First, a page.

We all know how public shelters work— A dog or cat is brought in and held for a period of time. Then if not adopted, he will be euthanized to make room for the next. But rarely do we hear of what happens next.
Every week, busy city shelters have to deal with the remains of the dogs and cats that never made it out again. Some of these were strays and some were once a loved family pet. A shelter is not set up to handle animal remains by burial or incineration. This is why they must contract out to animal removal services that make weekly stops to pick up the deceased.
In a recent news report, investigators took a closer look at what one removal company did to reuse the remains they collected. D & D Disposal claims to specialize in the removal of large animals. They run routes throughout areas surrounding Los Angeles for local homes and public animal shelters. But instead of just turning the remains into ashes, pets are turned into common household products.
Here’s how it works. D & D makes routine pick-ups throughout the city and places them in the back of a truck. At this point, they are usually bagged and possibly frozen to keep decay from setting in. Then they head back to the facility. The report goes on to explain:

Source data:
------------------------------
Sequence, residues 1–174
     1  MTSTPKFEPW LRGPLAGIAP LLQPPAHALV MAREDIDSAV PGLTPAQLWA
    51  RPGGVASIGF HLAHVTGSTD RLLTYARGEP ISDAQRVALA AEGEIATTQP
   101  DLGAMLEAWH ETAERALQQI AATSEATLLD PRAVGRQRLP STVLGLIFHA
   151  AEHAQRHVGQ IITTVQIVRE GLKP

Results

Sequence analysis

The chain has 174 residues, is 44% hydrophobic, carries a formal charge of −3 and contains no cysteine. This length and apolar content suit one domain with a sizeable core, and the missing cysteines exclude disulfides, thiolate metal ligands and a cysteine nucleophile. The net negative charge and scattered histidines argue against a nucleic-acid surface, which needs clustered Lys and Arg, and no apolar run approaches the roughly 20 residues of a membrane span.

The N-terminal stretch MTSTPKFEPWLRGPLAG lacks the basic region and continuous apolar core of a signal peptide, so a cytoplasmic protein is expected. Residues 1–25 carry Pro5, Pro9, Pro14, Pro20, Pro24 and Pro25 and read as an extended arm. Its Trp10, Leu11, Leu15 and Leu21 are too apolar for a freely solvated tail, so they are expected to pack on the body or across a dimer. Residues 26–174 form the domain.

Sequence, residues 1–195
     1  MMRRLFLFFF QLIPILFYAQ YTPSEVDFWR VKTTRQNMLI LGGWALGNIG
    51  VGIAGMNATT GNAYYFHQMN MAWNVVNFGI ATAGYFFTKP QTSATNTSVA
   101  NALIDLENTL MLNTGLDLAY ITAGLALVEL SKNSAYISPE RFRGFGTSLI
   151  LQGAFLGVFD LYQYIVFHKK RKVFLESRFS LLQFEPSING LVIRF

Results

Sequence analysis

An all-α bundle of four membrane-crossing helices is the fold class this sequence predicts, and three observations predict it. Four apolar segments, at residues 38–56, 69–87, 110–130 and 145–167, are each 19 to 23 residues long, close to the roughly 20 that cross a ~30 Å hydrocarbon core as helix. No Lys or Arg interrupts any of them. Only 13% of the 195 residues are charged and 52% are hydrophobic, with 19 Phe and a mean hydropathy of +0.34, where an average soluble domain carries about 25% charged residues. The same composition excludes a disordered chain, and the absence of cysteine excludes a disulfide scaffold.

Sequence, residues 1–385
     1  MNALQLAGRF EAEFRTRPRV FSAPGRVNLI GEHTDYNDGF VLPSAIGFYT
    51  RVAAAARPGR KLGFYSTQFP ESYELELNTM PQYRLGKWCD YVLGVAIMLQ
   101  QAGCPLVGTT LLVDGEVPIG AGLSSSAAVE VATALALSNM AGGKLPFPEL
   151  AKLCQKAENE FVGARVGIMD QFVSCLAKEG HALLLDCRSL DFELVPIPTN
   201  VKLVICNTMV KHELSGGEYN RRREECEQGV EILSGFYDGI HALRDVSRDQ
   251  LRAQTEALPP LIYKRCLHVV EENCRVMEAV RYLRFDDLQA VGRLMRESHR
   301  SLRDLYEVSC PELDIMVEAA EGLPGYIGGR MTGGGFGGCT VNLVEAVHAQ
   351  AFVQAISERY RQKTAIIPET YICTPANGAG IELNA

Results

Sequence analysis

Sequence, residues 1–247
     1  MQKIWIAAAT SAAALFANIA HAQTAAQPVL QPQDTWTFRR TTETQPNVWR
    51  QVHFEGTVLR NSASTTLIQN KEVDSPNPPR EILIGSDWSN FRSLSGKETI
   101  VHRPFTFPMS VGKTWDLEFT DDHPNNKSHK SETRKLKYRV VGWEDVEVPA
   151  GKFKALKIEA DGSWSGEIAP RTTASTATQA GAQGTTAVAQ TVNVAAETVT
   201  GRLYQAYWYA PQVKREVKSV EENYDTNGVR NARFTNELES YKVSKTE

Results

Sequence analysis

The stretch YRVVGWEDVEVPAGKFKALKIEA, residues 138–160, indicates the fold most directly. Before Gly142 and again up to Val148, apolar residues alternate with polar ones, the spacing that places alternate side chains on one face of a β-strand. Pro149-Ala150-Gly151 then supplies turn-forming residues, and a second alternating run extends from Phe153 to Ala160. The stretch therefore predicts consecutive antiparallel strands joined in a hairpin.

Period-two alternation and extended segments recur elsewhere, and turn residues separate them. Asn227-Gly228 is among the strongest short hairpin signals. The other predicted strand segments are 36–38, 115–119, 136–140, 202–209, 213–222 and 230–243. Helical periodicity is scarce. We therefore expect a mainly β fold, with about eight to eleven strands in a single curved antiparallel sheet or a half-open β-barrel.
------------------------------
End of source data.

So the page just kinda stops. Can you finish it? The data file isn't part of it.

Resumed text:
“Once there, the remains are boiled, ground and processed into animal by-products that are then resold for use in lubricants, polish, soap, cosmetics, pharmaceuticals, gelatin and fertilizers, according to a 2004 report by Los Angeles County.”
But if you think this only affects Los Angeles, you’re wrong. The products made are not just sold locally but distributed throughout the United States. It’s been known for years that certain products we use contain animal components, many consumers just didn’t know it could be an animal from their local pound. And you can be sure D & D isn’t the only company to utilize the process.
In this case, the county shelter claims they had no idea what was happening to the animals.
“As a Humane Society, we would never consent to allowing the bodies of these precious animals (to be) used in research or any medical uses and research, or certainly not to be re-used in a form of food for any purpose,” said Carin Orange, a development coordinator with the local Humane Society who said she was under the impression the remains were cremated.
The animal-friendly community will likely be upset by the news and put the Humane organization under fire. But right or wrong, it’s the risk you run when you give up ownership of your animal. Everything from that point on is under the discretion of the facility and their own codes of conduct.
This is just one more reason to spay and neuter your pet. And to be responsible in finding your dog or cat a good home if you find yourself no longer able to handle the commitment.